Since the 1990s, Molo has always been the poster-child of politics-fuelled ethnic clashes. In 1992 it was the epicentre of one of Kenya’s bloodiest conflicts that left thousands dead.
While towns have changed their character over time, until recently Molo looked like it was stuck in the past, dotted with old homes built shortly after independence.
Old estates like Kenyatta, Moto, Kasino, Mutirithia and Keepleft are more than 50 years old and looked like they were stuck in a time capsule.
Fast forward to today and the town is shaking off this unenviable tag with the last five years ushering the town into 21st Century Kenya.
“Many feared investing in Molo and its surrounding areas due to ethnic clashes. Confidence among the residents has built up and people from all tribes are now investing in any locality without fear. Most of the homes and commercial houses are multimillion investments,” says Janet Wairimu, a resident.
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Residents say the area’s newest neighbourhood, Treasure Island, is at the centre of this resurgence. The land on which it stands was at one time a 200-acre farm that was subdivided for residential settlement.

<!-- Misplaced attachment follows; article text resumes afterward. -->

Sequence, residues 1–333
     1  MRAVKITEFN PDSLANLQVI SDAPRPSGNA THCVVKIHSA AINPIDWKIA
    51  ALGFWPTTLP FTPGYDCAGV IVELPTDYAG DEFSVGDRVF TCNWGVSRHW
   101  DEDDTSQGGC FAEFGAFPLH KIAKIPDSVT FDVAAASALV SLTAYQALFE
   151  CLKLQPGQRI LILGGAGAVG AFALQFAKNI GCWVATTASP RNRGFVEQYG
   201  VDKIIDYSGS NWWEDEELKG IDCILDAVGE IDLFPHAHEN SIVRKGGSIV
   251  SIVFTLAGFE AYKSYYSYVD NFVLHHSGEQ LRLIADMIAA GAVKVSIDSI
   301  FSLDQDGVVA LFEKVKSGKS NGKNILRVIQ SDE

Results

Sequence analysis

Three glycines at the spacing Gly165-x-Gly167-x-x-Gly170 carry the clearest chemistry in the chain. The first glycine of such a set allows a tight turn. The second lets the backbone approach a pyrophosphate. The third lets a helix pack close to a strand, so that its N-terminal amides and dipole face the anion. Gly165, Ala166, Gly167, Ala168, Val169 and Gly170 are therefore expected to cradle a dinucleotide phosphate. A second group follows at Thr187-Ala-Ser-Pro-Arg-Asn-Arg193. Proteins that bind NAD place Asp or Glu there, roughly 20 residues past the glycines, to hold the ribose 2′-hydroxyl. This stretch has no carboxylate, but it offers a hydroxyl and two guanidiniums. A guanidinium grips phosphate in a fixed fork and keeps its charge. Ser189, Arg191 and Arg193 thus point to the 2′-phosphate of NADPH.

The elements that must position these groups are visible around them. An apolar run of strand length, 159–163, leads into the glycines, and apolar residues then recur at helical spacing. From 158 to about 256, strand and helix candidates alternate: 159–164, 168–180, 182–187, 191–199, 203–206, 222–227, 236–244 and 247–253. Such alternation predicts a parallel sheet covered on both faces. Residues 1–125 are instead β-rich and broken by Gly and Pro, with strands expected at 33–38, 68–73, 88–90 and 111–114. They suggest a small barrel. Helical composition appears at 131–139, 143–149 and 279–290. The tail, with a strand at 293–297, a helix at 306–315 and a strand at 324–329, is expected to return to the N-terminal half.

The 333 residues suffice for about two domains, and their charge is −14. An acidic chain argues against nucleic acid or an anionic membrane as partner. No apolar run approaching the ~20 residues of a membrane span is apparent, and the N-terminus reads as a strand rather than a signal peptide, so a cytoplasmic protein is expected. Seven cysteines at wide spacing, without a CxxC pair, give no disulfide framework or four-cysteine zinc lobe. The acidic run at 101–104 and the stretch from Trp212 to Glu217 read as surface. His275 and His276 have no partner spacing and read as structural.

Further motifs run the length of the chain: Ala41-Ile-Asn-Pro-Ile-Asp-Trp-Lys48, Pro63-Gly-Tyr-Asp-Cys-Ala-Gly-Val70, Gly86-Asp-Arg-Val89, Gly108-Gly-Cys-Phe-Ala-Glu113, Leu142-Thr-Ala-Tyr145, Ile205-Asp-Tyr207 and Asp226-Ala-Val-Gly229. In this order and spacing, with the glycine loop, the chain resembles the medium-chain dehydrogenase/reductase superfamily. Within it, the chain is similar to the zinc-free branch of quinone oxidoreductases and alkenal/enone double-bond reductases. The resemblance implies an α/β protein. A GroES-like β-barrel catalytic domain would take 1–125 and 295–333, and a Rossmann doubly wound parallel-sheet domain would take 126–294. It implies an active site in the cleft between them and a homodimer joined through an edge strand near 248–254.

“The subdivision of land into plots began in 2013 and has since experienced a rapid population growth. The upmarket estate prides itself as a treasure island due to the high demand for land within it,” says Kennedy Kiago, a resident.
He says the upcoming estate, located three kilometres from the town along the Molo-Njoro road, has been the focus of many a real estate developer.
“As the town grew, the existing estates could not hold the population anymore. People wanted modern houses and own homes. The owner saw this window and made a good deal out of it,” says Kiago.
“In 2015 a plot (an eighth of an acre) in the estate would go at around Sh350,000. We formed table banking groups and approached the initial buyers. It was sparsely populated and the existing residents were welcoming,” says Joseph Maina, a buyer.
Five years down the line the area has grown beyond the imaginations of many residents with a new trading centre already coming up to serve the residents.
“Today the price of a 50 by 100 plot in the most interior parts stands at Sh600,000 while those closer to the tarmac are selling at around Sh800,000. Most of them have been developed with more people delivering construction materials daily,” says Maina.
Maina recalls acres of undeveloped land around his home with no defined roads and a no electricity supply.
“For the first time, roads were graded towards the end of last year. One can easily connect to Molo-Njoro road which is also set to be rehabilitated at a cost of Sh400 million. It is conveniently located for anyone who needs easy access to Molo and other neighbouring towns,” he says.